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SSGSS_Bender t1_j1k69f0 wrote

Have you ever heard that your phone battery degrades more the faster you charge it? Did you know these EV vehicles are affected the same way? Every time you use a Supercharger at a grocery store, you are rapidly degrading your battery. L

And no this isn't anti-ev propaganda. This comes directly from my Subaru/Toyota EV training. I was trained to tell my customers to limit the amount of Supercharger uses. So while it's awesome that we can charge a car this fast, please don't think that there isn't a drawback.


beastpilot t1_j1k9da5 wrote

Your Subaru / Toyota EV training told you to tell customers to avoid Tesla Superchargers?

The Toyota that famously has avoided EV's as long as they can and don't have ANY right now? Same with Subaru?

Consider your source. Anyone that refers to Generic DC Fast Charging as "superchargers" is not an expert on EV's.

Plenty of people with Teslas have supercharged exclusively and have data. Does it degrade? Yes. Is it "rapidly"? Not at all- some of these cars have 200K miles on them and still have 80%+ capacity.


Corsair4 t1_j1kj4xl wrote

>The Toyota that famously has avoided EV's as long as they can and don't have ANY right now? Same with Subaru?

If you're going to rant about accuracy, at least be correct. Toyota has the BZ4x, and the Lexus ux300e, and the soon to be released RZ450e.

Subaru has the Solterra.

The Bz4x and Solterra are basically the same vehicle. They aren't brilliant, but their existence is not disputable.


SSGSS_Bender t1_j1kbor8 wrote

  1. I never mentioned Tesla Superchargers, they are proprietary. Any EV Supercharger that charges faster than what you can get installed at home will degrade your battery much faster.
  2. Toyota bZ4X & Subaru Solterra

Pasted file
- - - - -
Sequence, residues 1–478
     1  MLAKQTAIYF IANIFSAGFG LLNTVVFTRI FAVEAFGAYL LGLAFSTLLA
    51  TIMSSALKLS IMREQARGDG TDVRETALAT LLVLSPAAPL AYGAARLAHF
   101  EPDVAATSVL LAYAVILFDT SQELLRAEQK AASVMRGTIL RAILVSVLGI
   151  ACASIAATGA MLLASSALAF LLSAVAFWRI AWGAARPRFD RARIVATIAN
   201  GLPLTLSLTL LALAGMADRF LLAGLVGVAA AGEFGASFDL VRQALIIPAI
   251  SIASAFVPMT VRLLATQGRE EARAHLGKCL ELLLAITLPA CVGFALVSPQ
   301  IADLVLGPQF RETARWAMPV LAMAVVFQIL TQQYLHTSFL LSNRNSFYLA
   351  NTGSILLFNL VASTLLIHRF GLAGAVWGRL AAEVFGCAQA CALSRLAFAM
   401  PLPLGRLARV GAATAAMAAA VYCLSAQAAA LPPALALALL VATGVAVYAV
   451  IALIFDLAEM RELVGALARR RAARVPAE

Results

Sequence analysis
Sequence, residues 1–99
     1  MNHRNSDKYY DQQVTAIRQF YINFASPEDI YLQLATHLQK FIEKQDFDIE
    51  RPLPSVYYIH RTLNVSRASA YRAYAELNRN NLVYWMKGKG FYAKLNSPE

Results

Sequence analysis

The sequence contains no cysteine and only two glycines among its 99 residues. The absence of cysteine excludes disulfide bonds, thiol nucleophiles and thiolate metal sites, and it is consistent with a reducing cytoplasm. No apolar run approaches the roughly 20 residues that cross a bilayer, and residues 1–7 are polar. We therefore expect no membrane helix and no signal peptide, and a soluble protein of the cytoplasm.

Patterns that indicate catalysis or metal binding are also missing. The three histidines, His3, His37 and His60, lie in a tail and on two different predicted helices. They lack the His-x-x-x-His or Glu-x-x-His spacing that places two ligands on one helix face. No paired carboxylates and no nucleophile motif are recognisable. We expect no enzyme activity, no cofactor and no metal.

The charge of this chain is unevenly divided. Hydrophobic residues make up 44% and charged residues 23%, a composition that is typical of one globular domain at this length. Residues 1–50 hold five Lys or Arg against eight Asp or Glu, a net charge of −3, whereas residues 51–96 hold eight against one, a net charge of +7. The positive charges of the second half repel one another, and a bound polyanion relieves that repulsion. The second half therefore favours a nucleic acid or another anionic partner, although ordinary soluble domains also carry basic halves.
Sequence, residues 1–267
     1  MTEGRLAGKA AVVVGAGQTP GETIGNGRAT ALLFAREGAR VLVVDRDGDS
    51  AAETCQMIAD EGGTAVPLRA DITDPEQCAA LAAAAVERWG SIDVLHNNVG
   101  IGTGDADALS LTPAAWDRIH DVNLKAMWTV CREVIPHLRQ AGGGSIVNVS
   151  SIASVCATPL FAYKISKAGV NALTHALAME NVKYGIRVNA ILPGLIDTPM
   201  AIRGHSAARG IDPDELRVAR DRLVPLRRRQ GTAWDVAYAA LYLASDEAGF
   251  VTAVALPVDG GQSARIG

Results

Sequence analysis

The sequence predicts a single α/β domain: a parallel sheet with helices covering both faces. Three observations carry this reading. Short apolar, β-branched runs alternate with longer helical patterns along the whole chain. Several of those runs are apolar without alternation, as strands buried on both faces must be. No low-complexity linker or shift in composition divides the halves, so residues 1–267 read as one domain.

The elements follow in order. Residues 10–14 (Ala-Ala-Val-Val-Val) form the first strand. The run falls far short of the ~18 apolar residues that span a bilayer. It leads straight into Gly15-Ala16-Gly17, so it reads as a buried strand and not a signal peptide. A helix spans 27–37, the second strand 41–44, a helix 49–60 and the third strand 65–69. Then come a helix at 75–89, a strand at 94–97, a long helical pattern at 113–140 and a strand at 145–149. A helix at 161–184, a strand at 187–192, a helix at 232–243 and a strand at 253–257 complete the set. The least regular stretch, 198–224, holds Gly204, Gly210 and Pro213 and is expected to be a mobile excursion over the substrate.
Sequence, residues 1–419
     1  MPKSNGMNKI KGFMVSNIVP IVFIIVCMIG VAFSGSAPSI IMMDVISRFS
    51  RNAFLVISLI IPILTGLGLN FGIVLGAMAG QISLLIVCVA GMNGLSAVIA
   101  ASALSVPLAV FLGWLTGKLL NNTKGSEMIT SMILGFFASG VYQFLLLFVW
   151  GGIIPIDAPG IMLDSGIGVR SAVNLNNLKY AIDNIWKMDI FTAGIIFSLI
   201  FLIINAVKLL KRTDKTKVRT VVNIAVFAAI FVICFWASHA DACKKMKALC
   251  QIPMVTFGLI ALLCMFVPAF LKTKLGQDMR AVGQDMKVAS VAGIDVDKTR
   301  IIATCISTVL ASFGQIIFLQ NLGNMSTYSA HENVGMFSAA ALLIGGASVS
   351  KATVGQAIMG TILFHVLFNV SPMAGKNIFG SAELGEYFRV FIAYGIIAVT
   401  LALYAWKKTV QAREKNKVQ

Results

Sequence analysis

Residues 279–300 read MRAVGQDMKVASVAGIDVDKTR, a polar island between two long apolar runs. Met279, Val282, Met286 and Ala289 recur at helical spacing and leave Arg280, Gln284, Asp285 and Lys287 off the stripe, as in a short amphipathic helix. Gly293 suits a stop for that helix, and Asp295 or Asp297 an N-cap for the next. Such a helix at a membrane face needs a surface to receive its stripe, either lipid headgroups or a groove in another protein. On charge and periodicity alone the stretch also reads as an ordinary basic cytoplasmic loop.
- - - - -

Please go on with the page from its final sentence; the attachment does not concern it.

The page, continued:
3. I don't dispute that some brands handle it better. I just know that Toyota, Subaru, Kia, Hyundai, Chevy, and Ford recommend that you stick to slow charging for longevity.

beastpilot t1_j1kcgjc wrote

  1. "Supercharger" is a Tesla trademarked term. It always means a Tesla charger. The term you are looking for that is used exclusively in the industry is DC Fast Charger (DCFC).

  2. Yes, they have one now, in exceedingly limited supply. 10 years after Tesla, who has now shipped 3M vehicles, so maybe they aren't experts on batteries yet??

  3. You took Subaru/Toyota training and are sure Kia, Hyundai, Chevy, and Ford all recommend sticking to "slow charging to avoid "rapid degradation"?

Citation needed. What defines "fast charging?" What defines "rapid degradation?"

Are you aware Federal Law requires 8 years/100K mile battery warranties with minimal degradation?

The reason they don't want you to DCFC is they don't want you to realize how minimal the support for DCFC is right now if you don't have a Tesla.


mrgulabull t1_j1k7zwy wrote

It’s a valid point, but if you’re doing this occasionally for long distance road trips the affect is negligible. Most people do / should charge at home for their day to day travel. The higher cost of supercharging vs. at home charging further encourages this behavior.


Asusrty t1_j1kdzo7 wrote